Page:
British government under fire over European vote
British Prime Minister David Cameron`s government came under fire in parliament on Monday for apparently backing out of a vote on joining an EU-wide arrest warrant system under a threat of rebellion by eurosceptic lawmakers.
London: British Prime Minister David Cameron`s government came under fire in parliament on Monday for apparently backing out of a vote on joining an EU-wide arrest warrant system under a threat of rebellion by eurosceptic lawmakers.
Though the government supports the European Arrest Warrant, dozens of MPs from Cameron`s own Conservative party had been preparing to vote against. The motion would likely have passed anyway because of opposition support.
MPs will instead be voting later on Monday on lesser reforms required for Britain to adhere to EU policing measures.
Interior minister Theresa May said the outcome of the vote would also indicate a decision on the arrest warrant, even though this was not expressly stipulated in the document before parliament.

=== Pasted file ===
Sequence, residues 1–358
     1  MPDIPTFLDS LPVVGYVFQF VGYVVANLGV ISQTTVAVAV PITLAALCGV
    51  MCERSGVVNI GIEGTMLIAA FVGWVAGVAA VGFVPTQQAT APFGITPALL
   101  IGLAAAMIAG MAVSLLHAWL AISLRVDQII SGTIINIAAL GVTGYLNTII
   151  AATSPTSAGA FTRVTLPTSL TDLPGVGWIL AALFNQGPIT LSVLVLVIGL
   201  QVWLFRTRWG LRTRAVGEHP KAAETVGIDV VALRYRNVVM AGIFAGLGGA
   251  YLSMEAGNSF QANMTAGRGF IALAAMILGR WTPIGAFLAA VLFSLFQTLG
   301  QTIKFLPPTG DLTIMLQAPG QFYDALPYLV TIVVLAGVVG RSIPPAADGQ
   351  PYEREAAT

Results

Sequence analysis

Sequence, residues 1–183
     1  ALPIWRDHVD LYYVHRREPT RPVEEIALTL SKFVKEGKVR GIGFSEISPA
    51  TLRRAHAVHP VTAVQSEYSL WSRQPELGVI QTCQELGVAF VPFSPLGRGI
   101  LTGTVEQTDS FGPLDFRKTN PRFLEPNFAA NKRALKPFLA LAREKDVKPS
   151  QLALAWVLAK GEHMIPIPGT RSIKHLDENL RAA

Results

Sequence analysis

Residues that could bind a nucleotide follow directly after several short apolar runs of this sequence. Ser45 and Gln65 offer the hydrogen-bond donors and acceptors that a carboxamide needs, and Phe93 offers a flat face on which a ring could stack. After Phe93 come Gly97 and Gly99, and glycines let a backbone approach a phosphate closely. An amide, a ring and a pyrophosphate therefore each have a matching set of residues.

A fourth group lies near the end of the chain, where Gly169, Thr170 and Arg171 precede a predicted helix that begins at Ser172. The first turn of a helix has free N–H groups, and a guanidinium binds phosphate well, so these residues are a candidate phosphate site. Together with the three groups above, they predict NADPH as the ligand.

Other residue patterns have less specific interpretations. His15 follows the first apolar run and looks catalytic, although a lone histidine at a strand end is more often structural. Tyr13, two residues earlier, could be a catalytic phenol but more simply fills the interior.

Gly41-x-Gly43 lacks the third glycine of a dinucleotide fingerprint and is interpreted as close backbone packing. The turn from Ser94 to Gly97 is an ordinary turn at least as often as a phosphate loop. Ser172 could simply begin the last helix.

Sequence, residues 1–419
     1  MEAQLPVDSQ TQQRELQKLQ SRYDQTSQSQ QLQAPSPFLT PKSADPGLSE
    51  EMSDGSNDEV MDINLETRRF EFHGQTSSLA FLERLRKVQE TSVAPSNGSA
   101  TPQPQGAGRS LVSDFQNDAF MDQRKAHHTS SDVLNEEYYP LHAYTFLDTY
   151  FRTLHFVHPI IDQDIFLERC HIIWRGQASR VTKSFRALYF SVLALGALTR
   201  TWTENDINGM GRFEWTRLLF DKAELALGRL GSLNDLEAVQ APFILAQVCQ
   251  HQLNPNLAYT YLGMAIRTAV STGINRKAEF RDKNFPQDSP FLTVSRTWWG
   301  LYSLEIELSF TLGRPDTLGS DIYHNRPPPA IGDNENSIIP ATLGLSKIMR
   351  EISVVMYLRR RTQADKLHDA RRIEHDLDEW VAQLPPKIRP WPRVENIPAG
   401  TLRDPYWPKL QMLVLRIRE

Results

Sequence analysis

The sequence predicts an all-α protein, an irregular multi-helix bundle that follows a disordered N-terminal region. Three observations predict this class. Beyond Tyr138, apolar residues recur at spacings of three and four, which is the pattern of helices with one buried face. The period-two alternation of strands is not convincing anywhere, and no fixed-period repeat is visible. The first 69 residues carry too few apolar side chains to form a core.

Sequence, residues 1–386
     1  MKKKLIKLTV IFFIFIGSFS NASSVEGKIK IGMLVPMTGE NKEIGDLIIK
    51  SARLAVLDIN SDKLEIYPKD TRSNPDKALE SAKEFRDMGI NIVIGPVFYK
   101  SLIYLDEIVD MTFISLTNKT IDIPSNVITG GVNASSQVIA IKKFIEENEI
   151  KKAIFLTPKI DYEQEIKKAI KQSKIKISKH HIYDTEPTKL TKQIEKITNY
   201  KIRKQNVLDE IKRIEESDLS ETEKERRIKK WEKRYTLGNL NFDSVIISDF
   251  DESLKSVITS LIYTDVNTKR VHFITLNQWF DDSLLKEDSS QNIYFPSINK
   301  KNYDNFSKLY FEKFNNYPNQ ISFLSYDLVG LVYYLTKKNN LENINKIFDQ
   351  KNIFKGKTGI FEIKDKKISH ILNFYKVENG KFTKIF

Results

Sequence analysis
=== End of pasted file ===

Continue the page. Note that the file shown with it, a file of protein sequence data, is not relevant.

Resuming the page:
Parliamentary speaker John Bercow said the decision not to vote on the warrant was "contemptuous" of the British public.
"This has been a sorry saga," he said.
Angry words were exchanged in the debate, with several Conservatives criticising the government.
"This is a travesty of our parliamentary proceedings," said Bill Cash, a senior Conservative parliamentarian.
Jacob Rees-Mogg, a Tory rightwinger, accused the government of "underhand" tactics.
The debate comes amid growing tensions between London and Brussels and increased public support for the anti-EU UK Independence Party, which has pushed the government into an increasingly hawkish attitude on immigration and budget issues.
Some Conservative MPs have opposed the warrant, saying it will make it too easy for Britons to be extradited on relatively minor charges. But the government has argued it would keep the country safer and allow for easier deportations.
The government opted out of all EU police and criminal justice measures last year, but now wants to re-join some of them before that decision comes into effect on December 1.
The vote comes ahead of a closely-watched by-election contest in Rochester and Strood in southeast England which UKIP is expected to win, gaining a second seat in parliament.